During the month of July, Energy Edge is publishing a four-part series that will explore the decisions that need to be made before entering into a renewable energy purchase. Check out our blog each week for the next article.
You have been asked by your CEO to prepare an energy strategy that will lead your organization to being 50% renewable by 2020. Where do you start?
In Part I of this series we posed six questions that would be helpful to answer before purchasing renewable energy. These were:
- What am I going to do with the renewable energy I purchase?
- How much renewable energy should I buy?
- How do I determine whether I should buy wind or solar power?
- How do I economically evaluate rooftop solar or other behind the meter renewable generation?
- What are the major risks I should consider?
- Who should I solicit renewable energy proposals from?
This article will explore questions 3 & 4 listed above.
Question 3: How do I determine whether I should buy wind or solar power?
While there are other forms of renewable energy other than wind and solar, such as geothermal, biomass and small hydro, wind and solar are the predominant sources of new renewable energy being added to the grid. Accordingly, we will explore how to compare these two different asset types before you make an energy purchase.
The first two things to know about wind and solar energy is that 1) they have very different price points and 2) they can produce power very differently throughout the day.
But first, let’s go back to the very first question we posed in our list above which was discussed at length in Part II of this series. The answer to that question will determine how you compare a wind and solar offer.
If your answer to question 1 was that you simply want to displace fossil generation from a power grid and you are not trying to serve load, then a Virtual Power Purchase Agreement might be a good fit for your organization. If this is the case, then what you are most wanting to compare is the VPPA price and the production profile of the asset against real time market prices. In a VPPA structure, you pay a fixed price to the owner of the renewable asset and in return, you are paid the market price of energy when the renewable asset sells energy.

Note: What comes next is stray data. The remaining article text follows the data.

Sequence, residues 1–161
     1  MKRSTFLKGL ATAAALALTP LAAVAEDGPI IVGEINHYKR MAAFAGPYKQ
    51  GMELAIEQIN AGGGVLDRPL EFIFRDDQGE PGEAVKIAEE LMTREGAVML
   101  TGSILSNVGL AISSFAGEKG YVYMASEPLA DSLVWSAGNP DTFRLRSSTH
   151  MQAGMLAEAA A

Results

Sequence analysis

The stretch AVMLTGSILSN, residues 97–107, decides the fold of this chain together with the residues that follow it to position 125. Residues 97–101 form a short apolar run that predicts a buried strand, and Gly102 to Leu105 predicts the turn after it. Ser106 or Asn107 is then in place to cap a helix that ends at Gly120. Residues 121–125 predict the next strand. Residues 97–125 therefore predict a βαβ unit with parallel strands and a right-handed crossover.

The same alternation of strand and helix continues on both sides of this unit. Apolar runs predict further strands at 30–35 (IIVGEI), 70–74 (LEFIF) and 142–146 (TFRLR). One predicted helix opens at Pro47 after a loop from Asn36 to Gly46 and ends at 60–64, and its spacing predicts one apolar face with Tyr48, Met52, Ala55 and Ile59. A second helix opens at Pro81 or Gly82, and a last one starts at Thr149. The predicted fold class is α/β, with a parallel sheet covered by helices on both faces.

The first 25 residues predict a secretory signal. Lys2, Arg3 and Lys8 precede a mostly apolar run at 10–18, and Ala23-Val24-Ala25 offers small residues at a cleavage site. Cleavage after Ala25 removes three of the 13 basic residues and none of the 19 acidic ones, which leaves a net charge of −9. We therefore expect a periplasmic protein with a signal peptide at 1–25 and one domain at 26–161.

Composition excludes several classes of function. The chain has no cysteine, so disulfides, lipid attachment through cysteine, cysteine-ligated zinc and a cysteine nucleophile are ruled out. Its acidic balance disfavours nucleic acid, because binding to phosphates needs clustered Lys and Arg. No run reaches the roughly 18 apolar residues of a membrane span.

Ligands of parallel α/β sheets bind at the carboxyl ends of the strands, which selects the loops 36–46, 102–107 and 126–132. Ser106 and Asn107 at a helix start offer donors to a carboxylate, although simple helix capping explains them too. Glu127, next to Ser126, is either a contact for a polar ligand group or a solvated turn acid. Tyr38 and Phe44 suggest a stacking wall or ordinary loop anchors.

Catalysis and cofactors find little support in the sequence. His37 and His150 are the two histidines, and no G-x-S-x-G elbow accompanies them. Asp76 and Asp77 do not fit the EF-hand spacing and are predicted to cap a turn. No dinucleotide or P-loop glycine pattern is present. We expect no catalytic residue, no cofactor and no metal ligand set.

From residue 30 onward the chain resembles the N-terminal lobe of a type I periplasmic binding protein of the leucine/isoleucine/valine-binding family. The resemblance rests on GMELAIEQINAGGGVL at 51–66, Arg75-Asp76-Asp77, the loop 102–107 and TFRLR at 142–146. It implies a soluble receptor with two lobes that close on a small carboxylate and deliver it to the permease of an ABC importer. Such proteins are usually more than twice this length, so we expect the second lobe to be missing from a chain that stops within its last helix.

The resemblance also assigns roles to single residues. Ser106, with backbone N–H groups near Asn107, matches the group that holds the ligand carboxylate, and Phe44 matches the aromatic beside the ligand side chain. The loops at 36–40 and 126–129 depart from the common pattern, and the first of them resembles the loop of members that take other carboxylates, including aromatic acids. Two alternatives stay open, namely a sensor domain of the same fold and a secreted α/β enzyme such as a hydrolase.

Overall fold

In this instance, you want to find the cheapest priced project that also produces energy at the highest priced times on the grid. This way you are minimizing your cost and attempting to maximize your revenue. Your organization’s load profile does not come into consideration at all.
However, if you are wanting to serve your load with the renewable energy you purchase, then you will need to bring your load profile into the comparison process. What you will be looking for is how the renewable generation profile matches up against your load profile and what is the avoided cost of the grid energy you no longer need to buy.
Since solar and wind have different production profiles, the value of the grid power they replace will be different. For example, in Texas, solar replaces much of the on-peak power you would otherwise purchase from the grid while wind tends produce less during the day and more during the early morning and evening hours. Additionally, these different productions also mean the power you still need to purchase from the grid to fully serve your load will also need to be taken in to account.
Ultimately, you will need to model the total cost of delivered energy required to serve your load. The best fit, least cost outcome is usually the right answer.
Question 4: How do I economically evaluate rooftop solar or other behind the meter renewable generation?
Evaluating behind the meter generation is similar to evaluating an offsite renewable purchase in that you are comparing the cost of the onsite renewable energy against the avoided cost of grid power purchases. However, with behind the meter generation, you are also avoiding the transmission and delivery charges you incur when purchasing power from the grid.
A complete economic analysis will need to include the following: a) the hourly generation profile of the asset, b) the capital and ongoing O&M cost of the asset or the PPA price if a third party will be using their capital to build and operate the asset, c) the hourly load profile of the meter where the generation asset will sit, d) the expected forward cost of grid power, and e) the transmission and delivery tariff associated with the meter being analyzed.
A financial model will need to be developed that will incorporate all of the above data. Some of the complex assumptions will include determining a long-term view of both grid power costs as well as the regulated transmission and delivery charges. While liquid markets exist for 5 – 10 years for grid power, behind the meter assets are designed to provide energy for periods closer to 20 years. Assumptions will need to be made around what the future cost of power will be beyond the 5 – 10 year liquid market quotes that are available. Additionally, assumptions around the long-term costs of the utility delivery charges will also need to be included in the model.
While behind the meter generation is certainly a little more complex to evaluate, its benefits can be significant.
Check our blog next week for the fourth part of this four-part series.